A recent surge in stone thefts from historic dry walls, homes, schools, farms and churches has led to the matter being debated in the Houses of Parliament.
Jason McCartney, Tory MP for Colne Valley in West Yorkshire, warned that his constituency’s heritage was being “systematically dismantled” as a result of the problem. During the parliamentary debate he said he was receiving weekly reports of stone thefts from West Yorkshire Police.
Many reported thefts are taking place in broad daylight with thieves posing as workmen in high-visibility jackets.
The problem is not limited to rural locations, with Leeds County Council forced to replace £50,000 worth of York stone stolen from pavements across the city – an increase of more than 50% on the previous year.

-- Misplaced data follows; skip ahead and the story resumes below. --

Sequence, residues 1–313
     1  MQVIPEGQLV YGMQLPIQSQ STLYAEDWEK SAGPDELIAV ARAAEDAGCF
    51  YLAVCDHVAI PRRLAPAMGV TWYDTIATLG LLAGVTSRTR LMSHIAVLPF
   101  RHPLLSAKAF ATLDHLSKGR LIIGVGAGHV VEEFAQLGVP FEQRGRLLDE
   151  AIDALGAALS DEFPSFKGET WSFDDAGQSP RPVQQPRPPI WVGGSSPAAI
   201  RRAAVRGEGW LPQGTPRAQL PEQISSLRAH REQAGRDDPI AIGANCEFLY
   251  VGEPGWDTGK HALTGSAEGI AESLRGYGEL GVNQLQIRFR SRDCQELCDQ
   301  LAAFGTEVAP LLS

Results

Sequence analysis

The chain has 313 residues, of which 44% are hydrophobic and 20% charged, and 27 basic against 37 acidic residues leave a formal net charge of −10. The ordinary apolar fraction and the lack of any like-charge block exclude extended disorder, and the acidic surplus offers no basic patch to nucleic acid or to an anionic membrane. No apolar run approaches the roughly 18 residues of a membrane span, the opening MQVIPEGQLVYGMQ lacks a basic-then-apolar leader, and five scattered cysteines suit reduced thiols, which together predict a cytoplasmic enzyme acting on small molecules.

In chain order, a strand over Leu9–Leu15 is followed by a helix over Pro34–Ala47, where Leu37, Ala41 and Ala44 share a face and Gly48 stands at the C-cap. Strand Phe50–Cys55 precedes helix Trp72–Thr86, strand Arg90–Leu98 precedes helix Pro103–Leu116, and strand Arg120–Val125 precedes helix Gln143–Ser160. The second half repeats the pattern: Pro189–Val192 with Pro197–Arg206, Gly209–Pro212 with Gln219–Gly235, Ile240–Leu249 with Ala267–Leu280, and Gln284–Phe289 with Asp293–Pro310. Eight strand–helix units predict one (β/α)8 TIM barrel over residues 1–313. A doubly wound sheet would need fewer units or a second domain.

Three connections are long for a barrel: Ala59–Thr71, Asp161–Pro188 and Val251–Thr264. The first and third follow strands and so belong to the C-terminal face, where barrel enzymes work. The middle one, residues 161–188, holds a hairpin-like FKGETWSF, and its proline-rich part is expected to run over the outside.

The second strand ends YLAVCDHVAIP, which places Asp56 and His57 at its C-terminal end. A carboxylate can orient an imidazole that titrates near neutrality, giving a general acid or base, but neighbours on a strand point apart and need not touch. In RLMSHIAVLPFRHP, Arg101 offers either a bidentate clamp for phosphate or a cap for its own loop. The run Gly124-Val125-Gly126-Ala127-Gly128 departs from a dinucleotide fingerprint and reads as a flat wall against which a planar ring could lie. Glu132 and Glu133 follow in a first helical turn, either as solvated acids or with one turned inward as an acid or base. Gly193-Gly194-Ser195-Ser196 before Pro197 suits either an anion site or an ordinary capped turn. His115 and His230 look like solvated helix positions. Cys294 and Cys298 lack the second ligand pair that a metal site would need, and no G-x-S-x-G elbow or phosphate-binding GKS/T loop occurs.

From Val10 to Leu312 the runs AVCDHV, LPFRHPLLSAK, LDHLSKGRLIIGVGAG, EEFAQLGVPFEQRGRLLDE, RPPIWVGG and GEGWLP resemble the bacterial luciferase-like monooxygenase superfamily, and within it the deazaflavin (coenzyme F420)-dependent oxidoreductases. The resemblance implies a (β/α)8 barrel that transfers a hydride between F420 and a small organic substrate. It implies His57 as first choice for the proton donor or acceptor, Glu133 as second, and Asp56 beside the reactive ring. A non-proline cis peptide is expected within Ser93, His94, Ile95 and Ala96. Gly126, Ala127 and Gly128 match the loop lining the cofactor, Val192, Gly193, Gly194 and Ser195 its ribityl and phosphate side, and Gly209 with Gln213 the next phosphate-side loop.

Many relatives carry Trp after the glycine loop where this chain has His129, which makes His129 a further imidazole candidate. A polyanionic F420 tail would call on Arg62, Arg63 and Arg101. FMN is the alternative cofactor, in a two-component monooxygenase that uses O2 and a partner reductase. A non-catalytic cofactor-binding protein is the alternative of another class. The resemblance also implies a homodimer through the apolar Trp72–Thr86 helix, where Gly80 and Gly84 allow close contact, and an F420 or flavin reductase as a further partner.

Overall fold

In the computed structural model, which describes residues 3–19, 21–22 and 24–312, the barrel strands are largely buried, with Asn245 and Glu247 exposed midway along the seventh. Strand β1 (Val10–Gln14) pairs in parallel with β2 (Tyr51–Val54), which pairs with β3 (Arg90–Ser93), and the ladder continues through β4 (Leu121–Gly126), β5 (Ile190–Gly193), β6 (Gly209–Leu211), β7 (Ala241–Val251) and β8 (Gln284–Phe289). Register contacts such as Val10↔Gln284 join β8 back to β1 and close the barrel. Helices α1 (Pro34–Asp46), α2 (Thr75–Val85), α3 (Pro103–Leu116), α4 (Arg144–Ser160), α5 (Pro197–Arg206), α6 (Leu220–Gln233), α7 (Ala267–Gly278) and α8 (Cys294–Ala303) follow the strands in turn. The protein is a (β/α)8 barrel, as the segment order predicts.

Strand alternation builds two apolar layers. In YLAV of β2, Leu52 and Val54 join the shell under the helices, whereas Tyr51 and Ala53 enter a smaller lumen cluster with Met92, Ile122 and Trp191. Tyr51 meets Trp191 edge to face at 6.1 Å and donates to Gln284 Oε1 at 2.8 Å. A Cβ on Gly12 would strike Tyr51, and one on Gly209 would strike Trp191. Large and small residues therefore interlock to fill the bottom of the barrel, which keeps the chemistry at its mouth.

Mr McCartney went on to highlight a West Yorkshire Police project involving the use of SmartWater to forensically mark stonework believed to be at risk of theft. He said: “I would like to praise West Yorkshire Police for their action so far in tackling the epidemic of stone thefts. They have launched a campaign using SmartWater – a uniquely-coded forensic liquid that shows up under an ultraviolet lamp. It means that stone merchants or police can easily identify whether stone is stolen, and if so, it can be traced back to its original location.”